What distinguishes cooperation from conspiracy? Cooperation is common effort, an “association of persons for common benefit.” Secrecy and illegal or wrongful intent are the necessary elements of the transformation of cooperation into conspiracy, but is either alone sufficient? We know already – it is all around us, from either end of the political spectrum – that any aggrieved political agitant will find basis for claiming wrongfulness, even illegality: it violates some conception of the constitution, some document of international law. One doesn’t need a court decision to make claims. And so one sets about, guided by no more than a sole moral compass and a mission, and ill-considered concepts, to disrupt the order of international diplomacy and relationship – because we all know they are dreadfully flawed, as the product of the sinful beings who created them, but Julian Assange is ready and waiting to show us the superior replacement. We will all know everything and be free. Power will not concentrate, and we will live how?

President Barack Obama walks the grounds at Wi...

Image via Wikipedia

Secrecy – is secrecy the demon seed? The secrecy that Assange has utilized to do his own work, to hide himself from his enemies, engaged, by every understanding of the word, in fact, himself in conspiracy? Because if there is one power that contests with knowledge as the basis of freedom, it is secrecy, the secrecy of our own selves, our interior and private beings that are the ultimate possession authoritarian regimes will seek to steal from us – public denunciations, public confessions, systems of betrayal and unauthorized revelation, theoretical condemnations, as decadent, of the bourgeois and the personal. In the life saving enterprise of opposing oppressive power and domination we would be secret too, to ensure the success of our cause. So secrecy has an elemental role in our freedom, as well as in conspiracy. Its value or wrongfulness is a calculation of context, a context Assange is too driven by missionary and too-meager theoretical stars to consider with care.

The matrix is a construct. We each live in a matrix, of our sense perceptions and the organizing frames our minds place around the ideas that arise from and around our perceptions. We have been jointly considering and debating the reality of that matrix, and the common one that arises relationally from it, for all of human existence. Who will decide on his own, at last, that it is not real and blow it up? Because when you die in the matrix, you die for real too.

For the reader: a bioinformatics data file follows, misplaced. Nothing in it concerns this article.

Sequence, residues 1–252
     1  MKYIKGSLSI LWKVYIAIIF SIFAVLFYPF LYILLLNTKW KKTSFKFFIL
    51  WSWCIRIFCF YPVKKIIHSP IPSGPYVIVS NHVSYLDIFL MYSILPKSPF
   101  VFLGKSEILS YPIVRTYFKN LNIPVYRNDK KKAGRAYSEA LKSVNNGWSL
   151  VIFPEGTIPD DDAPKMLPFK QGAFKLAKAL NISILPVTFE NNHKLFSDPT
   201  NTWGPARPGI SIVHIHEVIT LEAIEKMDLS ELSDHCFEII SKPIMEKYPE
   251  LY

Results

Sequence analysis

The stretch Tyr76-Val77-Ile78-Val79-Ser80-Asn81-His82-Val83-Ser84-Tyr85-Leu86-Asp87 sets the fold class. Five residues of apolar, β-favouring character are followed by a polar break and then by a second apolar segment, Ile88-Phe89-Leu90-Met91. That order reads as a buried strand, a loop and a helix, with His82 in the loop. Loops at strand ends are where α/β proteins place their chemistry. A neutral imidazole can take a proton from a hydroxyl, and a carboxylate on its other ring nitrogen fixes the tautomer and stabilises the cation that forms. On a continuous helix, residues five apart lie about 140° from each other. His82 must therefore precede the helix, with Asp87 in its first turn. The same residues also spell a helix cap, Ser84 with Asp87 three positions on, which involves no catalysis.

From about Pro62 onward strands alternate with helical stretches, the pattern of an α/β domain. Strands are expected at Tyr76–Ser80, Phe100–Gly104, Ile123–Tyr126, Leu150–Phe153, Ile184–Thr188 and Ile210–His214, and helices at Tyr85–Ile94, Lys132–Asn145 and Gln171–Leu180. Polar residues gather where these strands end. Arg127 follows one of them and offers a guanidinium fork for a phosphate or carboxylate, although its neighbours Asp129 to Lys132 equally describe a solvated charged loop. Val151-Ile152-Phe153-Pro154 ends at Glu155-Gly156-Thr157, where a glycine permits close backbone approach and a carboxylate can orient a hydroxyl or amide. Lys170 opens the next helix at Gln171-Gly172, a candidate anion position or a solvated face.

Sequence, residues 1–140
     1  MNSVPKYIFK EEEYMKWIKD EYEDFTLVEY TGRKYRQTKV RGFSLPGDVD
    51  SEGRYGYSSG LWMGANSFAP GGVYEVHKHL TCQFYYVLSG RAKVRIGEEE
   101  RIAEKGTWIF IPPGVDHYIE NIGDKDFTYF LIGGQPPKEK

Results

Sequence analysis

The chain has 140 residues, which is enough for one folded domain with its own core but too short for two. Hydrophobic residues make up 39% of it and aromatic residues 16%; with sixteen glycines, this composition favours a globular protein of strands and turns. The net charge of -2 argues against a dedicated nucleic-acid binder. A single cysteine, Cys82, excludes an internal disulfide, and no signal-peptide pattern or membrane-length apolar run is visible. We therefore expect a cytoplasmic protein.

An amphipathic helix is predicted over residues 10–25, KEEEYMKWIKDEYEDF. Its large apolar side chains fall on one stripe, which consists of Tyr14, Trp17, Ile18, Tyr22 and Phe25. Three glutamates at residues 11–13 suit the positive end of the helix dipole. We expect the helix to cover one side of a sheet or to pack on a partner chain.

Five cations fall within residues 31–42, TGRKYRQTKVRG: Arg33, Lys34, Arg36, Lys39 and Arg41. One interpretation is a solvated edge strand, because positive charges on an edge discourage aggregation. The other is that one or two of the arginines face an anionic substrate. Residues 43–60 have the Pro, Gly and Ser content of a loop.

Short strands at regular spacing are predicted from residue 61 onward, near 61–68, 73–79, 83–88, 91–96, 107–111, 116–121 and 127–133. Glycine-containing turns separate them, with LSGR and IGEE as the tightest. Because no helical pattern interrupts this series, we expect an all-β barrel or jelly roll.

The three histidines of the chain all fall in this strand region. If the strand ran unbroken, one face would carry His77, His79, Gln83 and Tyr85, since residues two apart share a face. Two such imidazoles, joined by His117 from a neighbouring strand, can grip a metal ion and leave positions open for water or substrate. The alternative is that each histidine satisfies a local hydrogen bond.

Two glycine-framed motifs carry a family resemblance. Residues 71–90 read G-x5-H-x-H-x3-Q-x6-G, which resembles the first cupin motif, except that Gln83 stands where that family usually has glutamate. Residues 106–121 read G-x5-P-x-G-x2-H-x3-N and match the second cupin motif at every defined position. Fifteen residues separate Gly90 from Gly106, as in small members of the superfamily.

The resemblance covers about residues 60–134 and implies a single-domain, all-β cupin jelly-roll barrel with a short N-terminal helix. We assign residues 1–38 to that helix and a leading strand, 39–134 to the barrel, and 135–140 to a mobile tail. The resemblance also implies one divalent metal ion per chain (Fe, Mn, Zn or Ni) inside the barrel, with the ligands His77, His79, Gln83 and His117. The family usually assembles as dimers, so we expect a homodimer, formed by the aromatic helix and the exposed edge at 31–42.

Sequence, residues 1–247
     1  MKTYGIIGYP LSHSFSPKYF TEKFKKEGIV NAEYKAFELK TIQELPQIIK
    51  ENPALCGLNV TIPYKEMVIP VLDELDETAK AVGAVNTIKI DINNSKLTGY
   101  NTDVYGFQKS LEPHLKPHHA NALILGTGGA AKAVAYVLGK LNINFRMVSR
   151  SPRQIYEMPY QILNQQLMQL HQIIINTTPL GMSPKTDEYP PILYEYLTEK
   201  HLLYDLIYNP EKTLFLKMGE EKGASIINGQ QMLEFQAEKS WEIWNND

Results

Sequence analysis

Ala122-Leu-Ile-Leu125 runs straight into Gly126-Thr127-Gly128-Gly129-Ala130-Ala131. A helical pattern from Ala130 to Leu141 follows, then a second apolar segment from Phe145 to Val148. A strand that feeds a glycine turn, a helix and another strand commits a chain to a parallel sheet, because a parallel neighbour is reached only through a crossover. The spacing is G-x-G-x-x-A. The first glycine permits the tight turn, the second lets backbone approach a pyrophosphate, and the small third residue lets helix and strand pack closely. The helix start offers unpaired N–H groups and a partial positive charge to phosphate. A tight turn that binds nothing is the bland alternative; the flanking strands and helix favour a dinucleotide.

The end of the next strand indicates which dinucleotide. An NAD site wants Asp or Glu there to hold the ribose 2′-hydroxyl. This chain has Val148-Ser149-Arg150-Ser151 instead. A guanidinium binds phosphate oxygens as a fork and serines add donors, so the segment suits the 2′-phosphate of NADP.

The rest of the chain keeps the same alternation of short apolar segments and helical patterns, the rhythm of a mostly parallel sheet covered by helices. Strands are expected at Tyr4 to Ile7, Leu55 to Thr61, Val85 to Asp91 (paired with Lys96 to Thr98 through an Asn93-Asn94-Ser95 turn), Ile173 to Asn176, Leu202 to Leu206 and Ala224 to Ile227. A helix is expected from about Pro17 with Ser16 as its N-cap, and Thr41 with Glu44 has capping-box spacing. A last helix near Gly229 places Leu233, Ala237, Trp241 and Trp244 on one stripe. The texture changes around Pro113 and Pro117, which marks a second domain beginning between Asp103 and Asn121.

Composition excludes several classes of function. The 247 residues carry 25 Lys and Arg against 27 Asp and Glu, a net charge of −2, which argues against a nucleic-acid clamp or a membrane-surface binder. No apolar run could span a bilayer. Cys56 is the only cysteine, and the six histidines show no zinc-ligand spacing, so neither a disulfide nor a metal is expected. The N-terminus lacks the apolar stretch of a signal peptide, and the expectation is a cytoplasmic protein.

AJA

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5 comments

{ 5 comments… read them below or add one }

Bryce Rasmussen December 14, 2010 at 6:57 pm

Too many typos. Damn.

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Bryce Rasmussen December 14, 2010 at 6:55 pm

Adler-you simply do not get it. Missed the point entirely. Assange is no liberator, no avenging angel. There isn’t really much of a left or right, or anarchist kind of groups-maybe in the states there is. It’s that through technology, people, the general populace, if you will, have themselves, and found themselves capable of thinking-and are evolving, at least on a social level, beyond concepts that once were necessary for survival-nation state, rulers, the structure that supports them.
Assange, for me, is no liberator, wikileaks, that too, is no liberator. Assange is just a guy. Wikileaks is just a tool. Likewise, even the net and computer. What is happening, on a global scale, is a major evolutionary shift from the old way of the agricultural sun kings, to, well, whatever it is we’re heading into. And the old guard, those in power, are holding to what they have, or think they have.
Is there a conspiracy? Very, very likely. And I for one, laugh at it. Most do. Why? Because we. characterized as the general populace, are very very tough, and very very smart. And now, we’re discovering that weapons and nukes are meaningless-and there is that which can overcome them. It’s called knowledge.
I for one, refuse to ally myself with anyone I might think of as a boss, or leader, if his methodology, his tactics and strategies are closed to me. This goes for local level allegiances, to the big stuff-countries and treaties.

All of that, and more, is why you’ve completely missed the point.

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A. Jay Adler December 14, 2010 at 8:07 pm

Ah, Bryce, I’ll forgive you the typos. It’s the argument, what substitutes for one, you don’t get a pass on. “There isn’t really much of a left or right, or anarchist kind of groups-maybe in the states there is.” There isn’t? Why, because you say so? Oh. But that seems to be your modus: asserting the reality you would like to exist. “Wikileaks is just a tool. Likewise, even the net and computer.” But you had already proclaimed, “It’s that through technology, people, the general populace, if you will, have themselves, and found themselves capable of thinking-and are evolving, at least on a social level, beyond concepts that once were necessary for survival-nation state, rulers, the structure that supports them.” So is it the net and the computer – technology – or is it not? Oh, no – it’s “knowledge.” Something that didn’t exist before to take us, in “a major evolutionary shift,” one fell Utopian swoop, into a world without the “nation state” and “the structure that supports them.” Technology? Knowledge? The “general populace…very tough, and very very smart”? Yes? No? Different from before how? Why?

“I for one, refuse to ally myself with anyone I might think of as a boss, or leader, if his methodology, his tactics and strategies are closed to me. This goes for local level allegiances, to the big stuff-countries and treaties.”

And this would not be the anarchism you dismiss at the start, and that I argue is the fundamental political impulse of Wikileaks, and the emotional reaction of many who rise to defend it, like you, because…?

Who knows? But, then, I’ve missed the point. What was it again?

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Jim December 7, 2010 at 12:18 pm

Two links:
http://sowhyiswikileaksagoodthingagain.com/
http://www.wired.com/threatlevel/2010/12/wikileaks-editorial/

And one big knee jerk:
Whatever else is going on surrounding Wikileaks, due process and rule of law are being thrown out the window to string up Julian Assange. The charges Sweden has against him are flimsy at best and wouldn’t get Interpol involved on its slowest day. Except that he’s done some other stuff.
And Paypal and others jumping to shut them down without so much as an indictment or injunction is simple fascism (authoritarianism mixed with business interests).
Julian Assange MAY have some some bad stuff to our national security. But if we don’t defend his rights, we’ll all lose OUR rights.

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A. Jay Adler December 7, 2010 at 12:39 pm

Jim, who knew what it would take for you to post a comment after two years. At least it’s something big. BTW, thanks for the photo – at the appropriate time.